In the last article we looked at two aspects of deliberate risk and error. The first was that most people do not realize that risk that depends on error or not making any mistakes will grow over time and as a result, may easily exceed — in a large way — their tolerance for risk they can’t influence, or what they would consider to be their own risk tolerance.
The second way of looking at something was the problem of the “extra second.” In other words, I knew I was going to look away from the road to do whatever (phone, coffee, stereo, sandwich), but I didn’t expect to actually be distracted for that extra second.
Unfortunately, there are more aspects or problems with decision making and risk than just the two that were previously mentioned. The four states can also affect decisions on checking critical components that hardly ever fail, like hydraulic hoses, wire ropes, seals, tires, etc.
Part of the problem is that wire ropes don’t snap very often, seals don’t fail very often and tires don’t blow very often. Another part of the problem is the amount of complacency which is bound to start creeping in and adding up if nothing bad has happened in a long time. If you now add some rushing or time pressure to that heightened level of complacency, then double-checking can easily be seen as wasted time.
Then there’s becoming overly complacent with other people so you don’t anticipate potential problems — such as what can easily happen if you’ve been driving for a while. You may have started passing transport trucks on auto-pilot, even though you’ve seen transport trucks move suddenly and erratically. More than 50 percent of most groups have indicated that they have had to swerve to get out of the line of fire when the big truck did move unexpectedly — yet, they freely admit they can’t count the number of transport trucks they’ve passed on auto-pilot.
Since we know this will happen — and we know that telling ourselves we have to pay more attention next time won’t work — we will have to change our habits. In this case, a good suggestion would be to try to find something about the truck that you have to call out. Meaning that you say or think “flatbed, box, tank truck, or Mack, Volvo, Kenworth, etc.” Developing this habit will almost automatically bring your attention back to the truck, which will give you the full benefit of your reflexes — if you need them.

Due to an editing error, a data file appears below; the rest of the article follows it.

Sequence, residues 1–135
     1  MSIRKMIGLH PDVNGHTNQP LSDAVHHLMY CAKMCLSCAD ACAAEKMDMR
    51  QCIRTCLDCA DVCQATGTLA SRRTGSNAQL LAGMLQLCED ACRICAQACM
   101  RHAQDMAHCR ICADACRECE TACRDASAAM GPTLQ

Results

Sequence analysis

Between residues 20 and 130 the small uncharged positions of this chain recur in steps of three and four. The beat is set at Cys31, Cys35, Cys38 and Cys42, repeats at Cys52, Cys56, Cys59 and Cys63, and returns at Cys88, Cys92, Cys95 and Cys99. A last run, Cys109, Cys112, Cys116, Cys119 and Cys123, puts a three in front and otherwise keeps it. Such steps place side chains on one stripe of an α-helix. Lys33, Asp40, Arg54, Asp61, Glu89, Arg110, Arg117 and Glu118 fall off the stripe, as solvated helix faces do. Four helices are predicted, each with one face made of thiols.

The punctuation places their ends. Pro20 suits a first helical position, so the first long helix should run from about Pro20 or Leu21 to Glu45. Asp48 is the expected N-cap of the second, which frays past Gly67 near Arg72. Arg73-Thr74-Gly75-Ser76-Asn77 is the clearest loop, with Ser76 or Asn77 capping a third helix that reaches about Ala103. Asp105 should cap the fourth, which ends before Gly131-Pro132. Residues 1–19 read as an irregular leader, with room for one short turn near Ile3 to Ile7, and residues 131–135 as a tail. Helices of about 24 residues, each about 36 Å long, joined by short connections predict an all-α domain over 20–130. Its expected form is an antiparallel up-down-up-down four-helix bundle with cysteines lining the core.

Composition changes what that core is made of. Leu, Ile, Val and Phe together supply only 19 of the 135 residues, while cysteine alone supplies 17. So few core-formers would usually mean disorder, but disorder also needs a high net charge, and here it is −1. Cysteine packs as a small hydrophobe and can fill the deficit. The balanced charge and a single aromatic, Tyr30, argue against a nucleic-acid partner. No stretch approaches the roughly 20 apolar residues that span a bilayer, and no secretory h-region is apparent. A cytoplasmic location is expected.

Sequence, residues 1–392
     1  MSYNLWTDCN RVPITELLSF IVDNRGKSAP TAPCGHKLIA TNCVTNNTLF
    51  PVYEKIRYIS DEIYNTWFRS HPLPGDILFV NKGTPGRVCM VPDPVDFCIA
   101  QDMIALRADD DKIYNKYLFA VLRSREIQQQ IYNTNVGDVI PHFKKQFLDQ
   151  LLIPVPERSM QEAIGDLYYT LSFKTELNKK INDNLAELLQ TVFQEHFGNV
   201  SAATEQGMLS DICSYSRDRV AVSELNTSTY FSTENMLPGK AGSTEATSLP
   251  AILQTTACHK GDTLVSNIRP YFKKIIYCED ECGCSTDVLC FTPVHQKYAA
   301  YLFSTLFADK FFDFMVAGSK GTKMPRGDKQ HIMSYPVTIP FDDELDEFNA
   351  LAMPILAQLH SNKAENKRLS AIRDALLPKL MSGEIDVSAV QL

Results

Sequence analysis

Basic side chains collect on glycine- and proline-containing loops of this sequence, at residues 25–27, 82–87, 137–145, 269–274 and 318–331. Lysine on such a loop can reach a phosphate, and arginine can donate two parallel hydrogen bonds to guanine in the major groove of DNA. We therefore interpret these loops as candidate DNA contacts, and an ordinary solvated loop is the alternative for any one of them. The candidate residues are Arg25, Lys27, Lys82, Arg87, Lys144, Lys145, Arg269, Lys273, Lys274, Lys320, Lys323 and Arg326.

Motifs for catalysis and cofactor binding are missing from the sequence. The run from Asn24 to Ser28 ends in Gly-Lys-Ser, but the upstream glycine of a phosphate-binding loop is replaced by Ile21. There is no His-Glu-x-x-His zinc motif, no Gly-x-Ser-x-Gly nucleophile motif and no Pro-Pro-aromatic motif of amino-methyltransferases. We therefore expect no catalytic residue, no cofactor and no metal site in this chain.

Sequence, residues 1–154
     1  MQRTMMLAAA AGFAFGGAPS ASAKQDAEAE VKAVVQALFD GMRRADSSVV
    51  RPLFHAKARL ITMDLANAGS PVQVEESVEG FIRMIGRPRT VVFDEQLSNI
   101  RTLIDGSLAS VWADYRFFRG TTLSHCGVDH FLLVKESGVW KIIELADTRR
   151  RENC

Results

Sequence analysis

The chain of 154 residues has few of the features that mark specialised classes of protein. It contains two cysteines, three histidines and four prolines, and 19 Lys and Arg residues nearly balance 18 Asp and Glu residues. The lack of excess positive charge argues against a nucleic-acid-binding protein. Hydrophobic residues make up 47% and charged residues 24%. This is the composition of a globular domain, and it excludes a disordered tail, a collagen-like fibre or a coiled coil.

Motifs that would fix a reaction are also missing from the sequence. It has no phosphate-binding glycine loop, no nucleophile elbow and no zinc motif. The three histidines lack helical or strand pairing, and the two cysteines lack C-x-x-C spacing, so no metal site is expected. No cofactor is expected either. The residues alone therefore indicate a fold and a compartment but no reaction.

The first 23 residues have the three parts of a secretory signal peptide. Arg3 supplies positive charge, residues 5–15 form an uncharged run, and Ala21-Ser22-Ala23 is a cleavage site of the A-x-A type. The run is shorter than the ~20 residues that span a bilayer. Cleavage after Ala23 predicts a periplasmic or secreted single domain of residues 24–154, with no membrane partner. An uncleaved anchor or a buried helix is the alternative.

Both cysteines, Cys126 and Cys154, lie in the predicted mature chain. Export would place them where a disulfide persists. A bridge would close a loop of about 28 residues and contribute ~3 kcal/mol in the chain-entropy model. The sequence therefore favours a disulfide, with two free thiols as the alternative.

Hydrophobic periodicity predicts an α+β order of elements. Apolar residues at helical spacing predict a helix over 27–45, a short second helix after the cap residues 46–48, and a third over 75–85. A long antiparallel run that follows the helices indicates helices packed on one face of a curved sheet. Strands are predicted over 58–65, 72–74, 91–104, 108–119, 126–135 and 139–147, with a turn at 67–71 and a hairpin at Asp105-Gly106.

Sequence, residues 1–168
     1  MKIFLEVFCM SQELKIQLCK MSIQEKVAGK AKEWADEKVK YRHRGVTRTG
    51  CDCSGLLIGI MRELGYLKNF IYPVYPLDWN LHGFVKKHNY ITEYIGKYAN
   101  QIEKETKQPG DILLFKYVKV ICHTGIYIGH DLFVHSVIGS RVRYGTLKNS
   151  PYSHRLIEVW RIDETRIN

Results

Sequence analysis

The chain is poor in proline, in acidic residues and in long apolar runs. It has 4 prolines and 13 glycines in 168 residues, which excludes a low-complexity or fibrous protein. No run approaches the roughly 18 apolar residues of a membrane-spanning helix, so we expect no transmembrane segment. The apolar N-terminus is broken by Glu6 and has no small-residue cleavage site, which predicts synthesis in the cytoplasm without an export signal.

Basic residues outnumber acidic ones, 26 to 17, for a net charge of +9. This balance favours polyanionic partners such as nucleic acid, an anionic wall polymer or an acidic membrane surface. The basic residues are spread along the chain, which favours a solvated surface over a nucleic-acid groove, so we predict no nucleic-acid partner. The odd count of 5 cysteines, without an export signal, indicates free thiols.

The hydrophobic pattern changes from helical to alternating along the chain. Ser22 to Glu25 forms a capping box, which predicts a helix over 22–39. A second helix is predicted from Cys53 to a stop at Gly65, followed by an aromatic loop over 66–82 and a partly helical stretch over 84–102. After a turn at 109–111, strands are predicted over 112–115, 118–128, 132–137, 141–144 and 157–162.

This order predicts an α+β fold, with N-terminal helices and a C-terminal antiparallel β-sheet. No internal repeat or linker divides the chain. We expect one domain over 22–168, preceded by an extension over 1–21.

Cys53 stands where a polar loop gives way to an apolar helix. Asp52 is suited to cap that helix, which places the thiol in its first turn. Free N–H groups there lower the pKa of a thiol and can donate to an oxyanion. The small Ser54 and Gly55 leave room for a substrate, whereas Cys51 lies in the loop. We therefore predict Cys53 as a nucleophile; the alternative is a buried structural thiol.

The idea that you can anticipate potential problems caused by one or more of the four states can be applied to more than just injury-causing errors. As briefly discussed in a previous article (No. 8), we can think about all worst-case scenarios, not just injuries. And we can apply the concepts and critical error reduction techniques to prevent serious mistakes — even when there isn’t any potential for injury — because nothing is moving around you or you’re not moving. We can also look at how many of these static performance errors, such as lost keys, can lead to dynamic performance errors — when you start driving in a rush — because of the delay caused by the lost keys.
However, before we get into all that, let’s look at another change in perspective. I’d love to tell you that I came up with this all by myself, but just like with the video guys helping me to figure out the deliberate risk decision tree (normal vs. making an exception), I got some help for this one too. And although we were making a promotional video, it didn’t come from them. It came from a lady in customer service and inside sales who had seen us park our SUV. She opened the side door to help us get our equipment into the office. I was asking her if she had noticed any improvements in performance, error reduction, quality or efficiency since implementing the critical error reduction techniques with her co-workers in the plant and office. I figured there wasn’t much sense in asking her about safety, injuries or close calls since she worked on the phone, sitting at a desk with a computer. What she said was, “Oh yeah, I mean — not when you’re learning — you make lots of mistakes then… but after that, it’s always one of those.”